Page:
Formerly a successful investment banker, British photographer Marcus Bleasdale has spent the last ten years documenting conflict and human rights abuses in the Balkans, Djibouti and Darfur. But since his switch to photojournalism — which has seen him work with Human Rights Watch and win Unicef’s photographer of the year award — it is work in the Democratic Republic of the Congo that has held a special significance for Bleasdale. It is a place to which he has frequently returned.
Speaking to Standpoint from the Congo he said: “When I started working here over ten years ago it was one of the most underreported conflicts in the world; reporting from there is still limited.” For Bleasdale it has become a matter of urgency to report the plight of the Congolese people in a largely forgotten war which has claimed the lives of up to 5.4 million people, mostly victims of famine and disease: “I wanted to understand and encourage others to understand why this war was happening.”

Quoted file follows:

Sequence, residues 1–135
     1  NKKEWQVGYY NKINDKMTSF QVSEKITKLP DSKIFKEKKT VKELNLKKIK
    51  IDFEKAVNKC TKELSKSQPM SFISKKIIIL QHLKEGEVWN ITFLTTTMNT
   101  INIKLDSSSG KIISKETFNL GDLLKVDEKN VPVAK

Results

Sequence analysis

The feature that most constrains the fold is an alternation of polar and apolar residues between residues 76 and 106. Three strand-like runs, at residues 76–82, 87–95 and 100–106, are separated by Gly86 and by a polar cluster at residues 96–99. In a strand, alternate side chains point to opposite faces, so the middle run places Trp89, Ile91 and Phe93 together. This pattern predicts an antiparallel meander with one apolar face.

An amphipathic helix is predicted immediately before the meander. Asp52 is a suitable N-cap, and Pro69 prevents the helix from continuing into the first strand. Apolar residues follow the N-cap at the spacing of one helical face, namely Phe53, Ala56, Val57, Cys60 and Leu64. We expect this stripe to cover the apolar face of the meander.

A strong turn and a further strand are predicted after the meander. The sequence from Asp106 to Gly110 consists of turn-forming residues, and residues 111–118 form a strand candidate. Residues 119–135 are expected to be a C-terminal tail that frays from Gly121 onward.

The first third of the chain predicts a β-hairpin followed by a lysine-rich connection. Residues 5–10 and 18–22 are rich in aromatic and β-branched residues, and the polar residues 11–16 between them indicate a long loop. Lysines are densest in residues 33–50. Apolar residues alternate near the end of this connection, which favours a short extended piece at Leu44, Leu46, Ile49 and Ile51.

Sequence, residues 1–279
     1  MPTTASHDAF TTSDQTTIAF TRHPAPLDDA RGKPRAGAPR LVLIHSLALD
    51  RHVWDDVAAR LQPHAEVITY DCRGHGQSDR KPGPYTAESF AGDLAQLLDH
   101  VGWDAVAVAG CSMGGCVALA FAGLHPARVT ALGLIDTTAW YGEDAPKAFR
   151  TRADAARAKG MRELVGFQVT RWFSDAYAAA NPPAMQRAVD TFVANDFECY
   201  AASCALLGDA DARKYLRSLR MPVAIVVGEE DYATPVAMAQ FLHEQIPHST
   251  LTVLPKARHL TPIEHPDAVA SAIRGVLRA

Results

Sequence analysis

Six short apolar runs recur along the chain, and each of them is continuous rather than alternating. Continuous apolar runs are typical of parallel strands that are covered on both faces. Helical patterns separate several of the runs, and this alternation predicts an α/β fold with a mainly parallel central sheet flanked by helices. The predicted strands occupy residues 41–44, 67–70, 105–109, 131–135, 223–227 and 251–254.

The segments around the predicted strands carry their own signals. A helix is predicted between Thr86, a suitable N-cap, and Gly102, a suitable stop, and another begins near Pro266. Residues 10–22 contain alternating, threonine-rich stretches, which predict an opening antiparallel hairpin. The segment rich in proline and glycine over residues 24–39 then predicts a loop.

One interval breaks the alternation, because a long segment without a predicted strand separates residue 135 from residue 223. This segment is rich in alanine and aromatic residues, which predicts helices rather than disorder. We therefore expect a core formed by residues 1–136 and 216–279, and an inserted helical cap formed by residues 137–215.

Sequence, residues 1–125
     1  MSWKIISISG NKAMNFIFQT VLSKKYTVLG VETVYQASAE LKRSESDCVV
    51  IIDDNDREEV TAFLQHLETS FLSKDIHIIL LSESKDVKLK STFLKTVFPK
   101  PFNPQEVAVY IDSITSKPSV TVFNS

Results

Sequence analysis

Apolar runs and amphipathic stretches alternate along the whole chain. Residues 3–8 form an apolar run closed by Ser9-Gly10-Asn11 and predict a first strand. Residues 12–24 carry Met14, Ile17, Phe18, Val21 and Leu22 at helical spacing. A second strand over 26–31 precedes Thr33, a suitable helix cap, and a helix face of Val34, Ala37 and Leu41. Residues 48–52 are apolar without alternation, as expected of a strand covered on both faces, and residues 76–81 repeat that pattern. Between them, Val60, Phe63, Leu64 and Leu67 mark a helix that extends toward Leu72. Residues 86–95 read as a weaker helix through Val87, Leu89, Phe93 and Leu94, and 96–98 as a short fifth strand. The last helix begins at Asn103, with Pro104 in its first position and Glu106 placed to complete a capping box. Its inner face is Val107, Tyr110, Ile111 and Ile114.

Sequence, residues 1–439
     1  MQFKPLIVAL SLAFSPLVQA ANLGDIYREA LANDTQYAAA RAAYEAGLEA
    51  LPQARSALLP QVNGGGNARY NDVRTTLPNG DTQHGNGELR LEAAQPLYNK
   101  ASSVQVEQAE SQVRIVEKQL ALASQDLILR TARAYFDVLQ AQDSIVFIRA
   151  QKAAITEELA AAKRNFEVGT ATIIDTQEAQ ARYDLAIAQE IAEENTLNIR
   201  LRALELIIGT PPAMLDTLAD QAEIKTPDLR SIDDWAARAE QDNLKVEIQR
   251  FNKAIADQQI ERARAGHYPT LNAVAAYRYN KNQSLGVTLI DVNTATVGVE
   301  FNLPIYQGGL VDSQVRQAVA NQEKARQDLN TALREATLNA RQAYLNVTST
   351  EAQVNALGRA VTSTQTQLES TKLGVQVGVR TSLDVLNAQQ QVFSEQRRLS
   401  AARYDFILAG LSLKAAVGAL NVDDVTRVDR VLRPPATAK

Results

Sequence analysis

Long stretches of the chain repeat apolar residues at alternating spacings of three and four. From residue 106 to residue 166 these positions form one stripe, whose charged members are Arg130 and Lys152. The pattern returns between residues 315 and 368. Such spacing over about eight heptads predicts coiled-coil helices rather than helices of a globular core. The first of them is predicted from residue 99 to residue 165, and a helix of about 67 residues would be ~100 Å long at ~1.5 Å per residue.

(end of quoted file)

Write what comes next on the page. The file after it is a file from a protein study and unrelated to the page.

It is this compulsion to tell the untold story, and the sensitivity with which he treats his subjects, that makes Bleasdale’s work both important and compassionate.